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MIGROM Report Summary

Project ID: 319901
Funded under: FP7-SSH
Country: United Kingdom

Periodic Report Summary 2 - MIGROM (The immigration of Romanian Roma to Western Europe: Causes, effects, and future engagement strategies.)

Project Context and Objectives:
Project website:
Coordinator: The University of Manchester
Project Coordinator: Professor Yaron Matras (;
Project Manager: Charlotte Jones (;
Postdoctoral Researcher: Daniele Viktor Leggio (
Partners: Fondation Maison des Sciences de l'Homme (Professor Henriette Asséo); University of Granada (Professor Juan Gamella); University of Verona (Professor Leonardo Piasere); Romanian Institute for Research on National Minorities (Dr László Fosztó); Manchester City Council; European Roma and Traveller Forum

Project context and objectives:
The project investigates the experiences, motivations, and ambitions of Roma migrants from Romania who have recently moved to Italy, France, Spain, and the UK, and the effect of migration on their own lives and on the lives of relations left behind in the home communities in Romania. It also investigates popular, media, and official reactions to Roma immigration. The study aims to add a crucial dimension to the understanding not only of so-called objective push and pull factors that prompt and attract Roma to migrate, but also of the internal social and economic organisation of the migrating community itself and the development of transnational networks that support it. At the same time it examines and analyses social and political reactions to the settlement of Roma migrants at the level of the local community and local residents, local and national media, public services such as schools, police, and social workers, and local and national policy-makers. The study is accompanied by a pilot engagement scheme run in close collaboration with a local authority – Manchester City Council – which is a full partner in the consortium, and by cooperation schemes with a number of other local authorities in the various countries of the partner organisations. The schemes aim to introduce measures for capacity-building within the Roma migrants’ community, provisions for advice and support services and the creation of a consultation forum that will allow Roma migrants to take part in decision-making processes affecting their community. The research aims to assess the degree of success of these measures in offering both Roma and local services an opportunity to support community cohesion. The project’s policy dissemination strategy relies on the input of an umbrella organisation of Roma NGOs – the European Roma and Traveller Forum – also as full partner in the consortium, making this a first and unique model for international research in direct collaboration with Roma representatives.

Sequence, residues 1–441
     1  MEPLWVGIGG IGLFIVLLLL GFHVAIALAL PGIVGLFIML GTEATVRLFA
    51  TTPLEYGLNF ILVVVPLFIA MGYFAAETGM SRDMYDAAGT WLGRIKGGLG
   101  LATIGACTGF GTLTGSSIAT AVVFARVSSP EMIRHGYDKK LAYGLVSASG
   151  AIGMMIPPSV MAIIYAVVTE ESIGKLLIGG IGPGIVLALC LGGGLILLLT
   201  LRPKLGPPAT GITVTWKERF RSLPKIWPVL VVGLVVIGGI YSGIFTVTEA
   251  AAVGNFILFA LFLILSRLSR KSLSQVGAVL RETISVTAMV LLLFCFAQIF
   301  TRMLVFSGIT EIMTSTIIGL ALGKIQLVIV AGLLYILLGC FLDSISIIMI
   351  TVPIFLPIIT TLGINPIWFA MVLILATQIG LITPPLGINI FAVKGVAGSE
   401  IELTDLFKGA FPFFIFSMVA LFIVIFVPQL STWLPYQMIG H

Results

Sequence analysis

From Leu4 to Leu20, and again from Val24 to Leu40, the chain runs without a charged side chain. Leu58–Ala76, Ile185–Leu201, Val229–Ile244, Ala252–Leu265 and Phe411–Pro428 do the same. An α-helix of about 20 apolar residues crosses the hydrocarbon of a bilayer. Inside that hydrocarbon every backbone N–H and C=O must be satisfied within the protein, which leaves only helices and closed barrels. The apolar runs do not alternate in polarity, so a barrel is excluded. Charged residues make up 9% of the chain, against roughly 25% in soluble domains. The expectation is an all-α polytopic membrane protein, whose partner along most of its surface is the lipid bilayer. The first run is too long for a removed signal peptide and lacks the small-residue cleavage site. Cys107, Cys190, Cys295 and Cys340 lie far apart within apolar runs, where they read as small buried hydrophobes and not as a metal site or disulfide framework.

The project pursues the following objectives:
1) It seeks to carry out a three stage, longitudinal survey among recent Romanian Roma migrants in urban communities in Spain, Italy, France and the UK, and in their origin communities in Romania. The outcome will be an Ethnography of Roma Migration. The survey is based on recorded oral interviews in the Romani language, carried out by a team of researchers who have close familiarity with Roma culture, customs, language, and social organisation forms, and assisted by a number of Roma research assistants and interpreters. The survey seeks to obtain a picture of the reasons and motivations for migration, the role of family and social networks and the socio-economic organisation of life in the migrant community, the social and economic effects of migration on the home communities including the role of women in productive and reproductive activities, the aspirations of various generations in the community, attitudes to neighbours and institutions, values and cultural activities, the reaction to local authority interventions, and reciprocal relations with Roma migrant communities of the same origin in other locations (‘diasporic networks’). The three consecutive stages of the survey – a pilot survey, an extended survey, and a follow-up survey – are designed to capture developments and changes of attitudes and activities in the community during the investigation period.